Justice Department To Investigate Louisville PD
The U.S. Justice Department has reportedly launched an investigation into the Louisville Metro Police department’s practices and whether they engaged in a pattern of wrongdoing and abuse of authority.
According to the Louisville Courier-Journal, the probe will determine if the agency engages in a pattern of “violations of the Constitution or federal law,” Attorney General Merrick Garland said at a press conference on Monday (April 26).
“There are approximately 18,000 federal, state, and local law enforcement agencies in this country. In each one, dedicated officers put themselves in harm’s way to protect others,” said Garland in a statement released prior to the announcement. “Promoting public trust between communities and law enforcement is essential to making both communities and policing safer.”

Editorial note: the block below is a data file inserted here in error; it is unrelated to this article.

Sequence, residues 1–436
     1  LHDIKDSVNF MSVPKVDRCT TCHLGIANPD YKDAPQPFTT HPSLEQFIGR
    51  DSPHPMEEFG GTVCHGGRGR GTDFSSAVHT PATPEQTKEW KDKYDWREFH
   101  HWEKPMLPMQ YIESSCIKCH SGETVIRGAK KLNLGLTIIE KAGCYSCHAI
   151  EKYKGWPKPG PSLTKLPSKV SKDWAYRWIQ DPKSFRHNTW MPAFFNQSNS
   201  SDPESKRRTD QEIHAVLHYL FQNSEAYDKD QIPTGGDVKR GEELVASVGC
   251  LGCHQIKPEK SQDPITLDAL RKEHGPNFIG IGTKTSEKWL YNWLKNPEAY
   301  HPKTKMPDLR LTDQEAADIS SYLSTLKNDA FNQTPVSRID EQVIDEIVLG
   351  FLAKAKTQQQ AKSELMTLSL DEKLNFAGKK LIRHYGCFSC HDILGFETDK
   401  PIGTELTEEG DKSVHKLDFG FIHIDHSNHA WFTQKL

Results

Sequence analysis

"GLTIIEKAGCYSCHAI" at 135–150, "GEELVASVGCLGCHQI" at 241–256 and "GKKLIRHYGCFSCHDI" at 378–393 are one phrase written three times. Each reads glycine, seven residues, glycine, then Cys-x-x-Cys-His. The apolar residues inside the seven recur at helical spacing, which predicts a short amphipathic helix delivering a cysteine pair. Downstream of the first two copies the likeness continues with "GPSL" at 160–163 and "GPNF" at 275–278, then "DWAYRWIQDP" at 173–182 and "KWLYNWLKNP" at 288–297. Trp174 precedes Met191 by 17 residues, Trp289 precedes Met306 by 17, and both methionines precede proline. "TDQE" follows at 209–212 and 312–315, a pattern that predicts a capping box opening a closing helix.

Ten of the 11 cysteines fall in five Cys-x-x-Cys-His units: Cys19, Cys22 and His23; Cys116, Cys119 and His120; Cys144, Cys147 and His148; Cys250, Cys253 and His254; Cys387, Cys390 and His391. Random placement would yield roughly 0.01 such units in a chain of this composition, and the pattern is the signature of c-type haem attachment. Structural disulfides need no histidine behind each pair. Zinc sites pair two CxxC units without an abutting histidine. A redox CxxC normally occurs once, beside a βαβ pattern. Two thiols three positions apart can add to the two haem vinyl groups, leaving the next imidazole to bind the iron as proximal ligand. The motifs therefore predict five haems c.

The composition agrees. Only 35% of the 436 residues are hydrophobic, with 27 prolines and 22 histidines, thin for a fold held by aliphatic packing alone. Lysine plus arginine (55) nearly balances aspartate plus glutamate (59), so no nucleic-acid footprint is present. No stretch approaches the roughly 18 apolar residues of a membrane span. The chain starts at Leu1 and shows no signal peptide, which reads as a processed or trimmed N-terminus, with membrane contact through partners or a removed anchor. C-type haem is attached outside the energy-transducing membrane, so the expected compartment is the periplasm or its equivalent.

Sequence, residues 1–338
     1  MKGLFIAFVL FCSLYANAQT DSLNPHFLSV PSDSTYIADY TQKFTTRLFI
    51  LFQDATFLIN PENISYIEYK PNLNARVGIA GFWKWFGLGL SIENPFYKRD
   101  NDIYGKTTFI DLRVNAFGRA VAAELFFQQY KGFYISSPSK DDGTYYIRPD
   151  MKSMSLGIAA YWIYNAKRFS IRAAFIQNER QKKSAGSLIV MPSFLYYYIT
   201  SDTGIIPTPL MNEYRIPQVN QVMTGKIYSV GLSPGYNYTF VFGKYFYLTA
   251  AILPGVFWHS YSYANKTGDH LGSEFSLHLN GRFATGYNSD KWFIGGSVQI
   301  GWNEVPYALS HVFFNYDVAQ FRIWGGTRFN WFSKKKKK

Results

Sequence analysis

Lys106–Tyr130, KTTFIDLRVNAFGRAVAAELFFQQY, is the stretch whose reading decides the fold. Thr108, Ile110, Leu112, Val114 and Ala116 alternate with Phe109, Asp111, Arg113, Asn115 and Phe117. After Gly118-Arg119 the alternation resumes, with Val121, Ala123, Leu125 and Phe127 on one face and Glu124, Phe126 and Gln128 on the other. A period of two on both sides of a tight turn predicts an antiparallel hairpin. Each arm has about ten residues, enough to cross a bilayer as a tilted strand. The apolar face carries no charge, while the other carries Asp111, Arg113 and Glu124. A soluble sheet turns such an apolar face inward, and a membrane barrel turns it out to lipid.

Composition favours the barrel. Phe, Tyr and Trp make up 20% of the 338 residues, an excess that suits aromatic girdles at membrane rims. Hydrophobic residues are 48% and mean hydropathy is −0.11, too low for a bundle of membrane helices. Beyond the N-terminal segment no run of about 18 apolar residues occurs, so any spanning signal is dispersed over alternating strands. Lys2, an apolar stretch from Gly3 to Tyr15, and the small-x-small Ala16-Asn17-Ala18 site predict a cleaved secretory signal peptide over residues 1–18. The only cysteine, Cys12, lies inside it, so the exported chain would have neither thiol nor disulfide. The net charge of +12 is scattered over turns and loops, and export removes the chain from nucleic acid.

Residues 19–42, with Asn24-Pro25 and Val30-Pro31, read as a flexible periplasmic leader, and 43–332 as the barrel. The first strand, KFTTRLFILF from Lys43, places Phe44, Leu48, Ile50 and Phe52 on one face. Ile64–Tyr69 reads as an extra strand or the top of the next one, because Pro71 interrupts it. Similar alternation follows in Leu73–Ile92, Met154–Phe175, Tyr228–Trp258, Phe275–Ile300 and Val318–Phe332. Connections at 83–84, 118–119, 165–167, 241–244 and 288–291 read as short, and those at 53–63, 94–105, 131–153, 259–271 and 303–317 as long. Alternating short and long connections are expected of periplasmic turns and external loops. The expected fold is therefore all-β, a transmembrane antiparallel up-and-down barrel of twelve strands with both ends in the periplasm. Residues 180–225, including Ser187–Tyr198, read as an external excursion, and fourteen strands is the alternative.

It isn’t clear whether the death of Breonna Taylor, a 26-year-old EMT who was shot and killed by Louisville police in March 2020 during the execution of a no-knock search warrant, played a role in the probe. Garland, however, did acknowledge the city’s record $12 million settlement with her family.
The Courier-Journal reports the investigation will examine if Louisville MPD used unreasonable force, including during peaceful protests; engaged in unconstitutional stops, searches and seizures, including unlawful search warrant executions on private residences; practiced racial discrimination; or violated the Americans with Disabilities Act.
“We will follow the facts and the law wherever they lead,” said Garland. “If violations are found, the Justice Department will aim to work with the city and police department to arrive at a set of mutually agreeable steps that they can take to correct and prevent unlawful patterns or practices.”
If an agreement can’t be reached post-investigation, the Justice Department has the ability to bring a civil suit to address any violations. Garland said on Monday that Mayor Greg Fischer and police Chief Erika Shields have “pledged their support and cooperation,” according to the Courier-Journal.